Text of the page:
While Salient completes the Bowman Block, and continues construction at Terminus, the company is slated to begin construction on Varsity, 19 residential flats at the old Varsity Theatre on upper 10th Avenue, and office spaces at the Flack Block (163 W Hastings) and the Lumbermen’s Building (509 Richards). Salient also recently purchased the Trapp Block in New Westminster, a residential heritage redevelopment project on Columbia Street in Old Town, and the residential Paris Block (53 W Hastings). 

In Gastown, Salient is undertaking a comprehensive three-phase redevelopment project comprised of five heritage properties, including The Alhambra, Gastown’s oldest building (2-8 Water Street), the Garage (12 Water Street), Cordage (18-20 Water Street) and the Grand and Terminus hotels (24-36 Water Street). The project also includes the redevelopment of Gaoler’s Mews. Once completed, this retail, office and condominium project will add to Salient’s critical mass in Gastown. 

There’s been a great deal of investment in this neighbourhood over the last three years,” says Bob Carbonneau, Salient’s vice-president of finance. “By and large, our Gastown projects are helping to redress the imbalance of social housing with a balance of market housing. Its much the same for our Trapp project in New Westminster.” Carbonneau says today’s developers face several challenges. ”In the ’80s, builders worried about interest rate volatility and a softening economy. Nowadays the volatility is in construction costs. If your costs increase after you’ve pre-sold your project, you simply can’t cover project, but actual sub-trade contracts prior to selling.” 

At the Varsity project, unprecedented construction cost increases resulted in costs exceeding budget prior to the start of construction. As a result, Fung personally contacted pre-sale purchasers and returned their money with additional interest. The project is now expected to move ahead with fixed construction contracts, and the original purchasers will have first choice of the soon-to-be built suites.

Salient goes to great lengths to establish meaningful contact with its various clients. “Establishing personal relationships with our purchasers is key to our philosophy,” says Howard Kruschke, Salient’s director of sales and marketing. “In light of that, we advertise very sparingly: We prefer to build our company by word of mouth – the best way to hear about Salient is from a friend who has had a great experience. So far, our strategy is working'” he says. Salient also differentiates itself through customer service. On the company’s website (www.thesalientgroup.com) the user registration form simply asks: What’s on your mind? “We want to start a dialogue with our purchasers before we start asking personal questions,” says Kruschke. “It’s a very unique approach, and we’ve had a very positive response to it.” 

“We go to great lengths to create rapport between the purchaser and the company,” says Scott Pettipiece, coordinator, development, sales and marketing. “A lot of times people don’t feel much connection with the developer, but here they get to meet every member of the team. The strategies we choose are often different, because we’re building a unique product.”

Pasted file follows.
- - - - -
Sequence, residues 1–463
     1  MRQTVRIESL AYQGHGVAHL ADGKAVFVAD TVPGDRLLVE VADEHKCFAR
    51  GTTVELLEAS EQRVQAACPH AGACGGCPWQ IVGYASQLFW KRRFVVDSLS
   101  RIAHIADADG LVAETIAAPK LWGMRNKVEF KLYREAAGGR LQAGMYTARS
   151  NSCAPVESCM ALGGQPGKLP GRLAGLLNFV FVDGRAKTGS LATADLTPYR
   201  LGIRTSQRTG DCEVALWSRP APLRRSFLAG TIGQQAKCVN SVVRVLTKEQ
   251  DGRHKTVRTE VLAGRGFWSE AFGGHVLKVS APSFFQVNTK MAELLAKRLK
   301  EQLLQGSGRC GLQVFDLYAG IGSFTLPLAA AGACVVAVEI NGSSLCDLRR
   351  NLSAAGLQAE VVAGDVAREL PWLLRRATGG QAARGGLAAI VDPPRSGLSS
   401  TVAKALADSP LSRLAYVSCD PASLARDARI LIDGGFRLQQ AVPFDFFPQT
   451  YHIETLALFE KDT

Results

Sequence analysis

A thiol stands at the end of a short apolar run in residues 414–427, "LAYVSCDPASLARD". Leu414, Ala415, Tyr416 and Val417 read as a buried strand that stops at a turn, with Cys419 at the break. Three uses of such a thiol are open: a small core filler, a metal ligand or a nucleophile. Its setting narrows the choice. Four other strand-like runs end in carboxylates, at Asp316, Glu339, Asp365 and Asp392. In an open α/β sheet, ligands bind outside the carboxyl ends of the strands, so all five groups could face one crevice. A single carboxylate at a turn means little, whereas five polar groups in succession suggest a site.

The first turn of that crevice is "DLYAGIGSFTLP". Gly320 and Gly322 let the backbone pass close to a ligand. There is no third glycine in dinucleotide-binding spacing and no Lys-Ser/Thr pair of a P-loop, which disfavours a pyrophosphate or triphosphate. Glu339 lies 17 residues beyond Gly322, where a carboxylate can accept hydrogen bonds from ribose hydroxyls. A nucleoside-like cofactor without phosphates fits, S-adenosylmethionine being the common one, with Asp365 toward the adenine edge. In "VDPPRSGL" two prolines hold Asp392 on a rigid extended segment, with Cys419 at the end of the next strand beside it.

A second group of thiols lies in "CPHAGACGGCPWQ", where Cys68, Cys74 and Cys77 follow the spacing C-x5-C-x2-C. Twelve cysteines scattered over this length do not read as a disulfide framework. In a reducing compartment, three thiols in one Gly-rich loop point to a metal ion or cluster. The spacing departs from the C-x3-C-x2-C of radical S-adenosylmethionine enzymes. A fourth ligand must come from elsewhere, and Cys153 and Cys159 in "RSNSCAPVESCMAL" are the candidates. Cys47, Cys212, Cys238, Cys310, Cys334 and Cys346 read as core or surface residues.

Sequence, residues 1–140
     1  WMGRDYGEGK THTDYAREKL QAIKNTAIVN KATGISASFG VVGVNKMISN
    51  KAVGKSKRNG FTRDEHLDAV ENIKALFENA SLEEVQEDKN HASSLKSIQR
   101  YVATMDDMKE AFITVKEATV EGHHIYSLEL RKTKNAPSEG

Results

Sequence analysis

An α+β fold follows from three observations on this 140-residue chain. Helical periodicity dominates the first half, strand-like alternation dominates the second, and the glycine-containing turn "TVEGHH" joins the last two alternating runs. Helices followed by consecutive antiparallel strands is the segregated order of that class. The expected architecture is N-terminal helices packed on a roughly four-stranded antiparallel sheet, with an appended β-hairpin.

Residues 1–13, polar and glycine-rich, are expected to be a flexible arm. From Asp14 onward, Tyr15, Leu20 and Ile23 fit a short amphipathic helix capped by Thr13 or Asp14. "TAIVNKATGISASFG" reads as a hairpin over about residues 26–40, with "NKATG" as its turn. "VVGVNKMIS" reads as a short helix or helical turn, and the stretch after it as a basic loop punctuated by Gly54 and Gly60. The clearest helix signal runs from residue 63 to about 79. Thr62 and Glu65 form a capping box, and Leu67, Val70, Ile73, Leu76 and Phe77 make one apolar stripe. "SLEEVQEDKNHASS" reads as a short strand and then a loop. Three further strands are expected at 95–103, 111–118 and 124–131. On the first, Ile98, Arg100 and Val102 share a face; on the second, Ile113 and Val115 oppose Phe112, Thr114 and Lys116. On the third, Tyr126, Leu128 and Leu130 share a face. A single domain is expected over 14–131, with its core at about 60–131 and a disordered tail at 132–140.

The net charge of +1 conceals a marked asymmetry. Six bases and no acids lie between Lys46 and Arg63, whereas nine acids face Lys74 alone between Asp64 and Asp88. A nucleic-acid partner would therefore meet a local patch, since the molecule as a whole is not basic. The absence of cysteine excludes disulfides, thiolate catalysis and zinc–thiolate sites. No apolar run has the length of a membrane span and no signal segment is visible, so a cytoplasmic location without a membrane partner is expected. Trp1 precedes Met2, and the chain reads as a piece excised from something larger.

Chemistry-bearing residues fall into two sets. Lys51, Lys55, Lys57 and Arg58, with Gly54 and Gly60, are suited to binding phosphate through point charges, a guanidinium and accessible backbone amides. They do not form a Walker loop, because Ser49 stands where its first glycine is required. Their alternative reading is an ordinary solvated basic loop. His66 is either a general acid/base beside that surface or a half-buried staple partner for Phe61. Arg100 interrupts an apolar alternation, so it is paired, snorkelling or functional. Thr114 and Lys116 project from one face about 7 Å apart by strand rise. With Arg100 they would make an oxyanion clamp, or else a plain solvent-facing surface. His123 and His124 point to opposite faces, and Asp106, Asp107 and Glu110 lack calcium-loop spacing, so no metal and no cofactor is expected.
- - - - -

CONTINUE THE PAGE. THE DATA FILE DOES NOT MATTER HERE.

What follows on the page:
Helen Pettipiece (Scott’s mother) is a licensed realtor under contract to facilitate showings at Terminus and Bowman Block  “Personally,” she notes, “I have to believe in a product to sell it. These buildings are unique. Robert builds what he says he’s going to build, and the response is electric.”

Salient goes out of its way to avoid the sales-launch feeding frenzies that other developers tout as proof of their success. “We won’t line you up to view our properties, says Kruschke, “we’re going to give you an appointment. We don’t want to do business in a frenzied selling environment. Nor do we want to pressure people into buying. We’re not just building homes. We’re creating relationships.” This serves an additional purpose – it allows Salient to monitor the balance of investment buyers versus purchasers who wish to call the project home. “Our preference is to sell to end-users, because our goal is to create a community and a sense of pride within these buildings,” says Fung.

”We’re currently building close to $200 million in projects,” says Fung. “Our goal is to continue to grow, target emerging markets and introduce well-designed projects that have sufficient scale and critical mass, enabling them to contribute to the positive evolution of their neighbourhoods.” 

For Salient, with so many projects on the drawing board, the community building has just begun. “In 25 years, we want to show our kids these buildings and feel proud of what we’ve done. I believe we’re going to deliver on that.”

 

This promotional feature was prepared for The Salient Group by BCBusiness magazines Special Advertising Dept. For information contact John Cochrane at 604-299-7311.